Mov­ing on to other re­forms

Un­for­tu­nately, the ed­u­ca­tion de­bate mir­rors health­care in too many ways

Modern Healthcare - - Opinions Editorials -

Look in the rearview mir­ror and you’ll see an ob­ject steadily fad­ing from sight. It’s the pro­tracted, hy­per­ven­ti­lat­ing de­bate over health­care re­form.

By the time you’re read­ing this, Congress may have cast a decisive vote on re­form leg­is­la­tion. Or maybe not. Dead­lines be­ing dead­lines, this page went to press with the tim­ing of a fi­nal vote still very much in doubt. But whether the vote came over the week­end or was post­poned again, law­mak­ers will very soon need to move on.

While the leg­isla­tive ma­neu­vers may be wind­ing down, the war of words will cer­tainly con­tinue. The Novem­ber elec­tions guar­an­tee months of re­crim­i­na­tions, fin­ger-point­ing and neg­a­tive ad­ver­tis­ing—all tied to health­care.

Still, amid all the arm-twist­ing and strate­giz­ing over the re­form endgame, there were signs that at­ten­tion in our na­tion’s cap­i­tal had be­gun shift­ing to other, equally im­por­tant is­sues. Just last week, the Obama ad­min­is­tra­tion started talk­ing in de­tail about an­other long-de­layed re­form in­volv­ing an­other trou­bled sec­tor that touches nearly all of us: pub­lic ed­u­ca­tion, specif­i­cally the re­vamp­ing and reau­tho­riza­tion of Pres­i­dent Ge­orge W. Bush’s sig­na­ture No Child Left Be­hind law, now nearly a decade old.

The first or­der of busi­ness for the Obama ad­min­is­tra­tion should be to change the name of that law. It’s for the same rea­son that health­care re­form leg­is­la­tion could never have been dubbed the No Pa­tient Left Be­hind bill. No mat­ter what will be done in health­care dur­ing the months and years ahead, and like­wise, no mat­ter what fixes, if any, are in store for ed­u­ca­tion, lots of peo­ple will be left be­hind.

It’s a nice sen­ti­ment and cer­tainly a laud­able goal to think oth­er­wise for our na­tion’s schools, but it’s also ul­ti­mately im­pos­si­ble given the en­trenched in­ter­ests on all sides. Any­one no­tice the health­care par­al­lels?

Ed­u­ca­tion, like health­care, needs and de­serves at­ten­tion. It’s an­other sec­tor that de­vours hun­dreds of bil­lions of dol­lars—with sub­par out­comes in too many cases—of­ten with too lit­tle ac­count­abil­ity.

Let’s also re­mem­ber that the vi­tal­ity of the health­care in­dus­try will al­ways re­quire a highly ed­u­cated work­force—more than many other fields just be­cause of its com­plex­ity and in­creas­ing tech­no­log­i­cal de­pen­dency.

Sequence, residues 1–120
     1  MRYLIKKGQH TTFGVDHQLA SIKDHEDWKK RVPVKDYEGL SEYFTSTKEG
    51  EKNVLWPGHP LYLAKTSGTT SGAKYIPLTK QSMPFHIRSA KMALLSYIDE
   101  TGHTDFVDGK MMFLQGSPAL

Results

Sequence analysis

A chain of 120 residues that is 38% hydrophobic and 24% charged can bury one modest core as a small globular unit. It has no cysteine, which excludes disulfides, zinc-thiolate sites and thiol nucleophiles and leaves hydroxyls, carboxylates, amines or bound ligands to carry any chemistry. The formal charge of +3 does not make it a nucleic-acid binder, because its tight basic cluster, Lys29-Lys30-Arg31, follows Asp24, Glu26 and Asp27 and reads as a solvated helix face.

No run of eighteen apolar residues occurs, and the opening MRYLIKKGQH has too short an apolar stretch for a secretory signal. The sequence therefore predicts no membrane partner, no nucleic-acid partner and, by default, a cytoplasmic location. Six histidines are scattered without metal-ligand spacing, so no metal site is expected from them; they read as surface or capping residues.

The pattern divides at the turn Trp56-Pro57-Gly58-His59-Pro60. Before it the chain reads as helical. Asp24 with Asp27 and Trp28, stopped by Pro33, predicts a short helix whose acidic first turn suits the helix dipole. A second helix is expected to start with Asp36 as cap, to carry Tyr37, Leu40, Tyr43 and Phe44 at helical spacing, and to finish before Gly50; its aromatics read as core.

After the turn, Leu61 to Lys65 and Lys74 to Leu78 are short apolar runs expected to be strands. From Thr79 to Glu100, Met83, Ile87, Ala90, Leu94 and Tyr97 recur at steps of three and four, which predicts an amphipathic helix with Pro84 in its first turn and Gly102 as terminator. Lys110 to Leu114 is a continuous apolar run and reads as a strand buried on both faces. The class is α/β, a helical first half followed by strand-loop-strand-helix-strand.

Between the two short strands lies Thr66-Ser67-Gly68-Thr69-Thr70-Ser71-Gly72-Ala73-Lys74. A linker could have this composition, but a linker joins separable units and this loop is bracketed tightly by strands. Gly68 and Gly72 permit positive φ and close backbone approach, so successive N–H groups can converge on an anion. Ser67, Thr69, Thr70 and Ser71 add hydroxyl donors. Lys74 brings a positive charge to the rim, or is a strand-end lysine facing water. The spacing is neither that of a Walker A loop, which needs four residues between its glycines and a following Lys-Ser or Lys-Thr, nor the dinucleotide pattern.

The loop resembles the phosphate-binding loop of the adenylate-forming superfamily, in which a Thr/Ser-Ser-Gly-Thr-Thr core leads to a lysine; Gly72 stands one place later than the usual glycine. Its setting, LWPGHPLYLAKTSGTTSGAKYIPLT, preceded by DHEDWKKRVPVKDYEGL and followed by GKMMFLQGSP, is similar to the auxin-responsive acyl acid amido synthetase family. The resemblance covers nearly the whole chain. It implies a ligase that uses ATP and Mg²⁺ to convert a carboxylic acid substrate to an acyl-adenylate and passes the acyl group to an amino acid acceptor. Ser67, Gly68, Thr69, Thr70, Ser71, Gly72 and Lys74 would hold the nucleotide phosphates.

From kinder­garten all the way through the pub­lic uni­ver­sity level, the lion’s share of money for ed­u­ca­tion comes from the states, not Un­cle Sam. Given the dis­mal state of states’ fi­nances, can any in­vest­ments in re­form be funded given the flood of red ink that’s drown­ing so many ex­ist­ing pro­grams? Again, the ed­u­ca­tion de­bate mim­ics health­care.

Ac­cord­ing to a sur­vey by the Na­tional Con­fer­ence of State Leg­is­la­tures, es­ti­mates from 35 re­spond­ing states in­di­cated cu­mu­la­tive bud­get short­falls of nearly $56 bil­lion for fis­cal 2011. That’s on top of hun­dreds of bil­lions of cuts, in­clud­ing ed­u­ca­tion, health­care and hu­man ser­vices that have al­ready been ex­e­cuted over the past two years.

The Wall Street Jour­nal, mean­while, cited a study by the Cen­ter on Bud­get and Pol­icy Pri­or­i­ties es­ti­mat­ing the col­lec­tive bud­get gap for the states could hit $180 bil­lion.

Top­ping a list of ail­ing states was Illi­nois, with a pro­jected short­fall of nearly $13 bil­lion, or more than one-third of its fis­cal 2010 bud­get. With that state al­ready months late in pay­ing schools, uni­ver­si­ties and so­cial ser­vice agen­cies, the chop­ping is well un­der way. Cal­i­for­nia and more than a dozen other states also made the list but were in lesser de­grees of dis­tress.

There’s only one way out of this mess, whether we’re talk­ing health­care, ed­u­ca­tion or any­thing else: the re­turn of sus­tained eco­nomic growth. But that will re­quire per­haps the most chal­leng­ing re­form of all: the re­turn of creative, coura­geous, bi­par­ti­san lead­er­ship at all lev­els of gov­ern­ment.

Un­til that hap­pens, more and more Amer­i­cans will be left be­hind.

DAVID MAY As­sis­tant Manag­ing

Ed­i­tor/Fea­tures

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